(Bloomberg) -- Low-cost Canadian airline Lynx Air entered creditor protection and plans to cease operations in three days after being “devastated” by low passenger volumes and rising fuel costs. 

Cost cuts and the pursuit of a sale or merger weren’t enough to save the company, the Calgary-based carrier said Thursday. Lynx, which started up in April 2022, had 11 destinations in Canada, six in the US and one in Mexico. As of December, it had about 500 employees.

Lynx said in filings Thursday that its business had been “devastated” by rising jet fuel costs, persistent low passenger volumes after Covid-19 restrictions and the 2019 regulator-mandated groundings of the Boeing 737 MAX 8 it operates, which delayed its planned inaugural flight by three years.

Lynx told customers with bookings to seek refunds from credit card companies.  

Lynx had received startup debt funding from Indigo Northern Ventures LP. An affidavit published by the monitor Thursday said the airline had C$429 million ($318 million) in assets at book value, but C$600 million in liabilities as of Dec. 31 — foremost being its aircraft leases. Shareholders’ equity was negative C$170.8 million.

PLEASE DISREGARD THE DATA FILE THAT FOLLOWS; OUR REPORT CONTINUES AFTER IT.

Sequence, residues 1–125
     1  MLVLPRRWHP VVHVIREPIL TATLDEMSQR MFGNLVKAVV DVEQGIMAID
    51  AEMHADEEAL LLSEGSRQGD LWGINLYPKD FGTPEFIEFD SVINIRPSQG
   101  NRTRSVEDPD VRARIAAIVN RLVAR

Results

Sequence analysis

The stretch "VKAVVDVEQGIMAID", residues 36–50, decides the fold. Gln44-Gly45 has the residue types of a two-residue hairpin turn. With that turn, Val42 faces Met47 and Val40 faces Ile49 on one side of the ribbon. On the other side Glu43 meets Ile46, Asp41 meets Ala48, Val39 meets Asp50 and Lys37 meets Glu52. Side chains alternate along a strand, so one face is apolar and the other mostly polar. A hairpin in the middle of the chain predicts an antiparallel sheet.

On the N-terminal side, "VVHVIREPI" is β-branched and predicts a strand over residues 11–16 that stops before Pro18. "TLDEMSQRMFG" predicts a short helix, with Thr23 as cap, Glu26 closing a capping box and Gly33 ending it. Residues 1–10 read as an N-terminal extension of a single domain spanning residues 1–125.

Lynx Chairman William Franke’s private equity firm Indigo Partners is a key backer of a host of other low-cost airlines.

In February, Lynx received notices of default from several businesses, including Canadian airports claiming fees.  

Singapore-based aircraft lessor BOC Aviation Ltd. separately said it owned three of Lynx’s nine 737 Max 8s. The lessor plans to work with Indigo to retrieve the aircraft. In a statement Friday, BOC added that it anticipates no issues in finding new airlines for the jets, which are all less than one year-old, citing the high demand for new-generation planes.

Both Boeing Co. and Airbus SE are struggling to keep up with deliveries of new jets at a time when some models powered by RTX Corp.’s Pratt & Whitney engines are being grounded by the dozen.

(Updates with background from legal filings)

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